Niall Doran wrote:
Matthew Turner wrote:
I don't really see why that follows, there can always? be economic growth through gains in productivity. Today's i-phone probably only uses the same amount of natural resources as the 1970's calculator - surely that represents economic growth?
Your iPhone may use the same amount of natural resources as the calculator, but that's still depleting the earth's resources. Each new iPhone made brings us closer to depleting whatever it's made from.
By the way, I'm not saying I'm against producing stuff, it's just that the reality of it is that stuff produced = resources used.
Also the fact that the world economy runs pretty much exclusively on oil, a resource for which discoveries have been decline since the
70s, and since the 90s production has outstripped discoveries.
The year of global peak oil extraction was 2005 (for the USA, some time in the early '70s). Lots of little fields and a few medium-sized ones are being discovered -- but no giant ones.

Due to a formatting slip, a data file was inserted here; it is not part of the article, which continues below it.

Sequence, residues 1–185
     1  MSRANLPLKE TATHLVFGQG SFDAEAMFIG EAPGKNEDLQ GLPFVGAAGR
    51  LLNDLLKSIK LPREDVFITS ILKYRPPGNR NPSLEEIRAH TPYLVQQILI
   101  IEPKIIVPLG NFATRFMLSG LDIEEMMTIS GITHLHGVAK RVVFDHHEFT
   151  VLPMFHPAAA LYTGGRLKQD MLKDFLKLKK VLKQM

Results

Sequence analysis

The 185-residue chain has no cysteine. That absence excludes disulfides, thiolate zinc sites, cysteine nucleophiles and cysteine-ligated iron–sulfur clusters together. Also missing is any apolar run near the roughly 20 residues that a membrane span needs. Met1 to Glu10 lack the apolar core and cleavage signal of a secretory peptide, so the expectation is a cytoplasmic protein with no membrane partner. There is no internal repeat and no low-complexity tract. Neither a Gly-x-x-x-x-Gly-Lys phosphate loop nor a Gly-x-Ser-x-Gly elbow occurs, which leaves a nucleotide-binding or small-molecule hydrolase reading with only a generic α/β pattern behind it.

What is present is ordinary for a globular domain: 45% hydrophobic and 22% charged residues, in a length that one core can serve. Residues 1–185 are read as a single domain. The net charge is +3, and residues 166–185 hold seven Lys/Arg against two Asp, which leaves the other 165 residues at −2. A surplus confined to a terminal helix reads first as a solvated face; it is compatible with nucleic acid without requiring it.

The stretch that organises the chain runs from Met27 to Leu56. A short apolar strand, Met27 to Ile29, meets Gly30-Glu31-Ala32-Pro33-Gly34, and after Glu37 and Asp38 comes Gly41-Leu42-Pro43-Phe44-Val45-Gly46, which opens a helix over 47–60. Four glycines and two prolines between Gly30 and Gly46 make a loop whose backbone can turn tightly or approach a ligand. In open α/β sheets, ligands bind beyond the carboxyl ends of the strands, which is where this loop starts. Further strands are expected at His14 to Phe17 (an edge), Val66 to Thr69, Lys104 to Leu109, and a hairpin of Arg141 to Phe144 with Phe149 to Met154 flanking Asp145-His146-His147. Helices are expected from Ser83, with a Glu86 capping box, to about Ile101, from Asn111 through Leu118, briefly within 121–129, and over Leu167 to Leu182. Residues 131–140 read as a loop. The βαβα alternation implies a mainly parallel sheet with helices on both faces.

Other than oil, the future availability of copper, cobalt, lead, nickel, platinum, tin, titanium, and zinc is problematic. The iphone uses some of these.
There is no economic growth for the future -- just statistical sleight of hand. At some stage in the not-too-distant future we will become a scavenging society.
Speaking of Davos, what a colossal waste of time -- a bunch of impotent has-beens (like Gordon Brown), never-has-beens and pontificating talking heads. I suppose they get comped for food and board, so it makes it worth their while. But otherwise nothing ever comes out of Davos. Real decisions are made elsewhere.